Category Archives: Entity Framework

Entity Framework and Performance Improvements

Lately I have been looking into some performance problems in one of our projects and it turns out this was closely related to poor performance in Entity Framework (EF) in materalization of list objects.

Use AsNoTracking() attribute

on queries that return read-only data, typically for calculations or lists. By default EF runs WITH change tracking and when your model is fairly big and has many associations this will give a severe performance degrade. It doesn’t even matter if these associations is included in your query!! The AsNoTracking() extension instruct EF to not add the data to context for change tracking and is really powerful.

For demo purposes I used the RawBencher by Frans Bouma ( and loaded all 31465 records in SalesOrderHeader table.

All performance number below is the average of 10 runs with fastest and slowest time removed. The tests were run using

· WS2008 with SqlServer 2008
· Win7 – Citrix Virtual machine as client
· Running RawBencher – compiled in Release mode without Debugger from VS 2013.

With change tracking:


using(var ctx = new AWDataContext())
    return ctx.SalesOrderHeaders.ToList();
Materialization (load) time:

EF 6.0.1:

#1: Entity Framework v6.0.0.0 (v6.0.21010.0) : 4.370,00ms.
#2: Entity Framework v6.0.0.0 (v6.0.21010.0) : 4.387,88ms.

EF 6.0.2:

#1: Entity Framework v6.0.0.0 (v6.0.21211.0) : 4.712,38ms.
#2: Entity Framework v6.0.0.0 (v6.0.21211.0) : 4.683,13ms.

EF 6.1.0-alpha1:

#1: Entity Framework v6.0.0.0 (v6.1.21218.0) : 4.524,00ms.
#2: Entity Framework v6.0.0.0 (v6.1.21218.0) : 4.577,50ms.


#1: Linq to Sql v4.0.0.0 (v4.0.30319.18408)  : 721,00ms.
#2: Linq to Sql v4.0.0.0 (v4.0.30319.18408)  : 717,25ms.


Without change tracking:



using(var ctx = new AWDataContext())
    return ctx.SalesOrderHeaders.AsNoTracking().ToList();
using(var ctx = new L2SBencherDataContext())
    ctx.ObjectTrackingEnabled = false;
    return ctx.SalesOrderHeaders.ToList();

Materialization (load) time:

EF 6.0.1:

#1: Entity Framework v6.0.0.0 (v6.0.21010.0) : 659,63ms.
#2: Entity Framework v6.0.0.0 (v6.0.21010.0) : 658,38ms.   

EF 6.0.2:

#1: Entity Framework v6.0.0.0 (v6.0.21211.0) : 461,88ms.
#2: Entity Framework v6.0.0.0 (v6.0.21211.0) : 458,13ms.

EF 6.1.0-alpha1:

#1: Entity Framework v6.0.0.0 (v6.1.21218.0) : 446,38ms.
#2: Entity Framework v6.0.0.0 (v6.1.21218.0) : 452,25ms


#1: Linq to Sql v4.0.0.0 (v4.0.30319.18408)  : 555,88ms.
#2: Linq to Sql v4.0.0.0 (v4.0.30319.18408)  : 558,63ms.

Worth noting here is that

  • the materialization time with no tracking queries keeps getting improved with the newest versions of EF but the tracking versions is NOT improving.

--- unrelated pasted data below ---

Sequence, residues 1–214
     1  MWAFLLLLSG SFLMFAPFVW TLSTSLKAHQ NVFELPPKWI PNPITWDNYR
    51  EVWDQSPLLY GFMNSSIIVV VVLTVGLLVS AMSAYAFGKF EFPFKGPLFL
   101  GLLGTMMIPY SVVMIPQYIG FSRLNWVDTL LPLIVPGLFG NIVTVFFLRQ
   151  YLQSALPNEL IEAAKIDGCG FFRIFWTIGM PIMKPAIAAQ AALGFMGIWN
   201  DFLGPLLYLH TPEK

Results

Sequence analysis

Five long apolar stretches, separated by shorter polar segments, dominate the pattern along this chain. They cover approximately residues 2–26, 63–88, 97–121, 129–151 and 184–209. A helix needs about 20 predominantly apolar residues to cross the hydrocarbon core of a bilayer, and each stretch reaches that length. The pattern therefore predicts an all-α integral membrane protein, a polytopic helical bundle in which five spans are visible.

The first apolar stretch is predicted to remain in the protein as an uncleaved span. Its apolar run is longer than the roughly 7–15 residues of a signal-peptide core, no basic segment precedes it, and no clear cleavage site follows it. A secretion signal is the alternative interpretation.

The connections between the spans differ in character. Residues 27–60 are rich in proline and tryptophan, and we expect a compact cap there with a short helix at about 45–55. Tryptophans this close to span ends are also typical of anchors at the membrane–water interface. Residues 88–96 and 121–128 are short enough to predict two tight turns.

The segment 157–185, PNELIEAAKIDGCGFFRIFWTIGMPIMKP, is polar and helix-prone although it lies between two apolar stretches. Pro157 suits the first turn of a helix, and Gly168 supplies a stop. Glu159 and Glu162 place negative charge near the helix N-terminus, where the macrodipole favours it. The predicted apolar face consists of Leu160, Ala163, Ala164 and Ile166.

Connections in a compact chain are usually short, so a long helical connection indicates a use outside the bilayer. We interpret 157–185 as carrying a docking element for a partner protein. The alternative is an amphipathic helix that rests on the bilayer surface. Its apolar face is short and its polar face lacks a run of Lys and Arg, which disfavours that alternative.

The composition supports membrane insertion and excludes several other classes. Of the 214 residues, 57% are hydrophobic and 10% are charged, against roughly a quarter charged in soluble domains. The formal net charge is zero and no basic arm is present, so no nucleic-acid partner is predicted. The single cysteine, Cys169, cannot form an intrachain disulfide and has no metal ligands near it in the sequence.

• LINQ-To-SQL with change tracking is WAY faster than EF with change tracking on a model with many associations.
  • You can also turn off object tracking with LINQ-TO-SQL
  • You may also see spikes of CPU usage on 100% when running these queries.

You should also be aware that the additional time affects the CPU usage on your client computer, the web server, and not the database – and depending on your transaction isolation level you may be holding transactions and locks on your table during the slower loading and cause bottlenecks in your database too.  See paragraph below.

So what should you do? The challenge is that these entities may end up inn code that expects them to have change tracking – as there is no obvious naming conventions that implies that these are readonly objects. After all – it is regular entities – just without change tracking.

When designing your data access and API you should pay close attention to how you handle read-only objects – typically for lists.
And at least for now – you should apply the AsNoTracking() on sets that load many objects into memory to enhance performance.
If you have a separate business objects layer and only use EF for Data Access then apply add AsNoTracking to fetches into readonly lists.

The AsNoTracking extension was introduced in EF 4.1.

The issue of slow materialization is a know issue in EF – see
“The time it takes EF to materialize data is a function of the amount of associations (foreign keys) the entire model has, even when such associations are not part of the query in question.”

If you would like to have this addressed please add your vote on this issue.

Consider using NOLOCK or SNAPSHOT ISOLATION LEVELto avoid transactions on your select statements

The most important part here is that you do not want selects (retrieving) data from the database to block writing of data. With hand coded SQL we would typically use the with (nolock) statement but with Linq 2 Sql and Enitity Framework there are other ways to accomplish this.

Scott Hanselman has a nice post on this issue

Happy coding!